In terms of fixing the Medicare payment system, the AAFP has long called for scrapping the current system or, barring that, enacting a five-year Medicare payment fix that includes a 3 percent higher payment rate for primary care physicians. And during a meeting of physicians called to discuss strategy to ensure the congressional Joint Select Committee on Deficit Reduction, or supercommittee, evaluates the overall effect pending cuts in Medicare payment rates would have on health care in the United States, AAFP President Roland Goertz, M.D., M.B.A., of Waco, Texas, reiterated the Academy's position.
"Everyone around the table discussed their views on the current strategies to persuade the so-called supercommittee to include a repeal of the sustainable growth rate formula (SGR) in its recommendations to Congress later this year," said Goertz about the AMA legislative task force meeting in Washington on Sept. 7. "Our strategy is to fix the SGR and provide a five-year period of stability. We also are asking for a payment rate that is at least 3 percent higher for primary care during the five-year period of stability."
The AMA's task force is working on a unified strategy for engaging with the supercommittee regarding the SGR, which has called for steep reductions in the Medicare payment rate during the past several years. Without congressional intervention, physicians face a 29.5 percent reduction in the Medicare payment rate on Jan. 1, which Goertz and other members of the task force identified as the biggest threat to physician practices.
"We put the 29.5 percent cut at the top of the list, and then we worked down from there to determine which strategies to develop to address (the SGR)," said Goertz.
The meeting included representatives from seven medical societies and seven professional organizations, including the American College of Physicians, the American College of Surgeions, the American Academy of Cardiology and the American Society of Anesthesiologists. The meeting revolved around question-and-answer sessions with AMA staff and discussion among task force members.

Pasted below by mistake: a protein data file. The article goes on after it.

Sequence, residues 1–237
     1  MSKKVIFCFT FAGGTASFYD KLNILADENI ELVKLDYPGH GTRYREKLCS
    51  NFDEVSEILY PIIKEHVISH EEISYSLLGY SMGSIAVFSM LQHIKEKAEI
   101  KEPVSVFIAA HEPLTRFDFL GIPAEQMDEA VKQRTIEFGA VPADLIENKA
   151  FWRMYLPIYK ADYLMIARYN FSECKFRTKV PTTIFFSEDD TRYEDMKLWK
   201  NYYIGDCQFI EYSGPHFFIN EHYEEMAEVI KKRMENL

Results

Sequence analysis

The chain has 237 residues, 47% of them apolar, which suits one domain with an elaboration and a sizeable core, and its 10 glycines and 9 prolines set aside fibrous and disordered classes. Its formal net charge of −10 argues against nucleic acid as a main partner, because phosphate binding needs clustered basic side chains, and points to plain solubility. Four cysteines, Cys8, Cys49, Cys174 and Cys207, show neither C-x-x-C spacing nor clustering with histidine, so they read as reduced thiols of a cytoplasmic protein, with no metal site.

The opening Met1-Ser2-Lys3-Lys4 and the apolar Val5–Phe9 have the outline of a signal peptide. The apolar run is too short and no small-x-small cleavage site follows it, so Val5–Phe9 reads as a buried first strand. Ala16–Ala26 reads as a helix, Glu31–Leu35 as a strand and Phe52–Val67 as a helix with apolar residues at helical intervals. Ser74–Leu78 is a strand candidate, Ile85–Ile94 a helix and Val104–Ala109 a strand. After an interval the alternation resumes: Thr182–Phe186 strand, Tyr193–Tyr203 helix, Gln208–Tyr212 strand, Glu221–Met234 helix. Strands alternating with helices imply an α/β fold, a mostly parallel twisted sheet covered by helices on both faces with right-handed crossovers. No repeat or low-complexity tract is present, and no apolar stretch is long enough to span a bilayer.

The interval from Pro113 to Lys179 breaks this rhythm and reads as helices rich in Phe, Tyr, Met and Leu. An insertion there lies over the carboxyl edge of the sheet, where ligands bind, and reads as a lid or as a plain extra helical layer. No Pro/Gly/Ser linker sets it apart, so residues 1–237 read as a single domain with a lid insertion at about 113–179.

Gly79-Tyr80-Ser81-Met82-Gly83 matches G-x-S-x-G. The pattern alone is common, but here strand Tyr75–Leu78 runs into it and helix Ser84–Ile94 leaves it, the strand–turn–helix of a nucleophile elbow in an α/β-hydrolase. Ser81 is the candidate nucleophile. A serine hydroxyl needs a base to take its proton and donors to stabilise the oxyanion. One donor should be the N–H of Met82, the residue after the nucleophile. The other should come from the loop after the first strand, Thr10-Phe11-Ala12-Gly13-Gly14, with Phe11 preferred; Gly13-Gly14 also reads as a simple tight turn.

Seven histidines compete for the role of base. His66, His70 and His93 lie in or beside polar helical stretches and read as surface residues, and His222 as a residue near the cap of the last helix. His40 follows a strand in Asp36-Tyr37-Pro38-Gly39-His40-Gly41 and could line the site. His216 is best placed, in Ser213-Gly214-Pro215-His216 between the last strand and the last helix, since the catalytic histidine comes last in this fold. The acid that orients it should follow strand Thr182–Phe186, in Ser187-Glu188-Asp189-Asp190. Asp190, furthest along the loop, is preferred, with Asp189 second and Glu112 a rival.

- The AMA has formed a task force to discuss a unified strategy for approaching the Joint Select Committee on Deficit Reduction regarding Medicare payment rates.
- AAFP President Roland Goertz, M.D., M.B.A., a member of the task force, is advocating a five-year payment fix that includes a 3 percent higher payment rate for primary care physicians during a five-year period.
- Without congressional intervention, physicians face a 29.5 percent reduction in the Medicare payment rate on Jan. 1.
"There was a good open discussion about the significance of the SGR," said Goertz. "We are all engaged in trying to do what is best for our respective members and the physician community at large."
The Joint Select Committee on Deficit Reduction has been tasked by Congress to develop a plan to achieve federal budget cuts and possible revenue increases. If the government fails to enact the committee's recommendations by Dec. 23, across-the-board cuts totaling $1.2 trillion will be automatically triggered.
Goertz noted that he also stressed the importance of graduate medical education, or GME, funding during the AMA task force meeting. The AAFP is opposed to any serious reductions in or the elimination of GME funding.
According to Goertz and other task force members, there will be an ongoing need for discussion about and refinements to any SGR strategy, as well as a collective effort by the groups represented to engage physicians in contacting their legislators.
"This is a game in evolution, and there are going to be some twists and turns," Goertz said.
Additionally, Goertz noted that he met with a staff member from the House Ways and Means Committee to talk about the newly formed AAFP Primary Care Valuation Task Force, which is reviewing the methods used to evaluate health care services provided via Medicare in order to make recommendations about how to properly value and pay for services provided by primary care physicians.
"The (House Ways and Means) Committee has expressed interest in knowing about (our efforts)," said Goertz. "So the AAFP is on Capitol Hill to explain what we are trying to accomplish with the task force."